Auto Burglary in California

Auto Burglary in California

Auto Burglary in California

There’s no denying that car theft is a serious problem. In 2019, 151,244 cars were reported stolen in California. That adds up to a car being stolen every 3.5 minutes. The estimated overall value of these thefts is approximately $1.2 billion.

Given the toll auto thefts take on law enforcement resources and the economy, it’s not surprising that California lawmakers have developed a hard stance on auto thefts and auto burglary.

The interesting thing about auto burglary in California is that it’s not the same thing as straight-up auto theft, though the two charges are often linked.

The state of California defines auto burglary as the act of gaining entrance into a locked vehicle with the express intention of stealing either the vehicle or the contents of the vehicle. Depending on the value of the vehicle or the items stolen from the vehicle, the case could be handled as either a misdemeanor or a felony.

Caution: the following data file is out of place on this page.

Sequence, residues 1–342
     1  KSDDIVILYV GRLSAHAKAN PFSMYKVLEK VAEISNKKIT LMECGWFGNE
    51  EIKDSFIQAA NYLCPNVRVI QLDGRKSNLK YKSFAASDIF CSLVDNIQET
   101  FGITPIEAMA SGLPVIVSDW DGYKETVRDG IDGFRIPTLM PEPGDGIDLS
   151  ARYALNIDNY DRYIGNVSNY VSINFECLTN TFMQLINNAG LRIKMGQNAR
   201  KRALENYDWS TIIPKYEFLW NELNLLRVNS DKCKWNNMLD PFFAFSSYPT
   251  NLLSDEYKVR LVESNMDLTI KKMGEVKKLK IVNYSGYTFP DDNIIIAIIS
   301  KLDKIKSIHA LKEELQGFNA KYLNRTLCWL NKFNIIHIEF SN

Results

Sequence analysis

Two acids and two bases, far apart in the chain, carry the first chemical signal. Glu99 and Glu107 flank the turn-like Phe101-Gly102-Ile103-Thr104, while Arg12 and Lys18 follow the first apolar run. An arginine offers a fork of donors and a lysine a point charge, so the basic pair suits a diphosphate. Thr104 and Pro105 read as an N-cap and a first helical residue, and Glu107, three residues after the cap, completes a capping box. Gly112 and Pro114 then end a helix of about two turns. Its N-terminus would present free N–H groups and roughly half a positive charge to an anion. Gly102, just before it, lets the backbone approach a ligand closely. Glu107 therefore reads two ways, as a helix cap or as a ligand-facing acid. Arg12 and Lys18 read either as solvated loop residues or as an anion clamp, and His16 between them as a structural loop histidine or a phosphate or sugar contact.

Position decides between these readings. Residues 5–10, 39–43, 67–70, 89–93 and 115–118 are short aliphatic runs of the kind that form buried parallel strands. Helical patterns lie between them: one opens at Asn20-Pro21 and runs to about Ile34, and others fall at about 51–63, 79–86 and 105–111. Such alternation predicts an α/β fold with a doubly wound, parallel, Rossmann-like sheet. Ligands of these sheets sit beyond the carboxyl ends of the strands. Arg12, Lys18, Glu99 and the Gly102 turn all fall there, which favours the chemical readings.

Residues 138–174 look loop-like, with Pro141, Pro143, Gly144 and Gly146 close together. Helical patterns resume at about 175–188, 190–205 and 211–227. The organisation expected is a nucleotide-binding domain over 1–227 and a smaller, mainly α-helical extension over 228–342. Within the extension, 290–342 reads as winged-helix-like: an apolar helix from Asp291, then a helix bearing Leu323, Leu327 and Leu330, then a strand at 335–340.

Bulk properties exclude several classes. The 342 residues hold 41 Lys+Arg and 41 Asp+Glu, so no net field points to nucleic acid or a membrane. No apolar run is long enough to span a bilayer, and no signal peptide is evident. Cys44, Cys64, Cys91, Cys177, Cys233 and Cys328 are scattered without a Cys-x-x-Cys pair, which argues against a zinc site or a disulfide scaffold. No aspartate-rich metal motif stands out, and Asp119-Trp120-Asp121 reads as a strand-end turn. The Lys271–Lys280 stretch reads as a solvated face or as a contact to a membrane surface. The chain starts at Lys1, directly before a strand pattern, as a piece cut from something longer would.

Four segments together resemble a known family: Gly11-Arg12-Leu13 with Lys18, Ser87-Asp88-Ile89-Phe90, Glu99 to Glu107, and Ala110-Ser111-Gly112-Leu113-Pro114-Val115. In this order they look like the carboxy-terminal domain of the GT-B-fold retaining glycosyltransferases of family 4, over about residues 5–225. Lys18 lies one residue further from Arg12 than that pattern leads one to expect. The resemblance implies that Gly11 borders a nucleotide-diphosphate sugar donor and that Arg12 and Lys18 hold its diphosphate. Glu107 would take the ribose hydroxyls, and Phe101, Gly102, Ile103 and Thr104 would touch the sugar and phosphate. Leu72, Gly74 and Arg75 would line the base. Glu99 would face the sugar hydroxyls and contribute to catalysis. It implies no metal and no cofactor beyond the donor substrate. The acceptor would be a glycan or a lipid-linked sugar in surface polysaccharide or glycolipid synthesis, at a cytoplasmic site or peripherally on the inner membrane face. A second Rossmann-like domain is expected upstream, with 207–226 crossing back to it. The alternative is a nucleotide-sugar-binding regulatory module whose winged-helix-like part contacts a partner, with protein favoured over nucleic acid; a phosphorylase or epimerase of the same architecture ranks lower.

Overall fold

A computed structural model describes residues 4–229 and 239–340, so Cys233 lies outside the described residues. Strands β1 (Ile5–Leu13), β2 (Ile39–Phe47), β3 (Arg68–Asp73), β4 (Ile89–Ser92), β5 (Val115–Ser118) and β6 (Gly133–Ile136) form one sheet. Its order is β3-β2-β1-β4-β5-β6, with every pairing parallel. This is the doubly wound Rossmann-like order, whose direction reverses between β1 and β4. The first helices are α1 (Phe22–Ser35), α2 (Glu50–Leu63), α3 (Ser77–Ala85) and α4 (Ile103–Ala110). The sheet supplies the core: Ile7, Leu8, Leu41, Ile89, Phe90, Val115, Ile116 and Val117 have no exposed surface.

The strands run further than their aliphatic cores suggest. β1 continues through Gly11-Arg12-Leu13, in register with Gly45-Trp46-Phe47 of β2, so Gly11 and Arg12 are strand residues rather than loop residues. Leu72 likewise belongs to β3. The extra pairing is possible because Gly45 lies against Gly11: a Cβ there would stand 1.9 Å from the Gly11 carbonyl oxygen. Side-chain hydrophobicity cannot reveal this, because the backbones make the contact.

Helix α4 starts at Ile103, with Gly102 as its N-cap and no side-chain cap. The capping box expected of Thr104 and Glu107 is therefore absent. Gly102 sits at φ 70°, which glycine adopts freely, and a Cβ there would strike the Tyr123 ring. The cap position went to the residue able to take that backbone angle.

To help clarify the difference between auto burglary and auto theft, California lawmakers included auto burglary in California Penal Code 459 PC. It clearly lays out the state’s parameters for auto burglary. 

“Every person who enters any house, room, apartment, tenement, shop, warehouse, store, mill, barn, stable, outhouse or other building, tent, vessel, as defined in Section 21 of the Harbors and Navigation Code, floating home, as defined in subdivision (d) of Section 18075.55 of the Health and Safety Code, railroad car, locked or sealed cargo container, whether or not mounted on a vehicle, trailer coach, as defined in Section 635 of the Vehicle Code, any house car, as defined in Section 362 of the Vehicle Code, inhabited camper, as defined in Section 243 of the Vehicle Code, vehicle as defined by the Vehicle Code, when the doors are locked, aircraft as defined by Section 21012 of the Public Utilities Code, or mine or any underground portion thereof, with intent to commit grand or petit larceny or any felony is guilty of burglary.”

A guilty conviction for misdemeanor auto burglary involves a maximum sentence of a year in county jail. A guilty conviction for felony auto burglary in California involves a maximum sentence of 16 months to three years in state prison. If the car is actually moved and not simply entered, it’s highly likely that auto theft charges will be added to the auto burglary charges.